Remember in high school when there were the geeks? And then there were the jocks? But never the twain shall meet, unless one was getting his ass kicked by the other?
Well, things have changed. The nerds are the cool kids now, and quite a few them are sports-minded. Enter the website Cosby's Sweaters, dedicated to “sports fans who love music, tech, pop culture and dumb Internet videos” and named for Bill Cosby's colorful knits on The Cosby Show.
Turns out that the original black nerd, Cosby, is the bully kicking sand in the face of his admirers.
His attorney sent a threatening letter to Cosby's Sweaters, co-founded by USC alum and Santa Monica resident Kiley Kmiec.
That prompted the site to change its name to the much-less enticing Next Impulse Sports.
The site published an excerpt of the letter, which seems to plant an intellectual property flag squarely on a stack of those '80s sweaters:
… The multi-colored, multi-patterned sweaters that Mr. Cosby wore on “The Cosby Show,” an iconic television program that aired from 1984 through 1992 and has continued in broadcast as reruns and in syndication both domestically and internationally through the present, are strongly associated with Cosby. The term “Cosby Sweater” instantly evokes Mr. Cosby and The Cosby Show.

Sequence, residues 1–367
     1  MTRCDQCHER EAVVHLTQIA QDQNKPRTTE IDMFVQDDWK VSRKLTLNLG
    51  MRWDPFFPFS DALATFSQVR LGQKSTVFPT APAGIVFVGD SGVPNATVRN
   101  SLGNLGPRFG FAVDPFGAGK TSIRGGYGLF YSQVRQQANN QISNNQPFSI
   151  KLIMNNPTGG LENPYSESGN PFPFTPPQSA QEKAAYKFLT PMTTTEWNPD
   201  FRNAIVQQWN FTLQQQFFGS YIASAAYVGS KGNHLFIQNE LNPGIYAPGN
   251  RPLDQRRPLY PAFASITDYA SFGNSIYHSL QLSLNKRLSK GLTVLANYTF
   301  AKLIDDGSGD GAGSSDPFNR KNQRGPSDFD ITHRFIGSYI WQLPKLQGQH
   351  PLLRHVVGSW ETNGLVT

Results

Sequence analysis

The site could have argued “fair use” — that Cosby is a public figure subject to comment and criticism; that the name isn't a ripoff but rather a fair reflection that leads nowhere near the commerce of the Cosby industry.
Kmiec says he could have held fast, but if this ended up in court it would have been expensive:
We think we could fight this case in court. Unfortunately though, we don't have the millions of Puddin' Pops™ to mount what could be a long and costly legal fight. The bottom line is this: It got hot and we have ditched the Cosby Sweaters name. We've got bigger and better match-ups to focus on.
So long, Cosby's Sweaters.
[Added at 4:42 p.m.]: We got in touch with site co-founder Kmiec, who said that Cosby's lawyer sent a cease-and-desist letter, threatened a civil suit that would seek damages, and gave the website five days to stop being Cosby's Sweaters.
He said the site decided to make the change to the new domain about a week and a half ago and that it's almost all wrapped up now.
Unfortunately, the switch to a less catchy brand has meant a 50 percent drop in traffic, not counting a bump from news sites linking to the Next Impulse Sports story about the episode, he said.
“It's unfortunate,” Kmiec said. “We didn't have the funds to stand up and play a game of chicken.”
He said the site still owns the cosbyssweaters.com domain name and that “I'd be happy as hell to sell it back to Bill for $10 million.”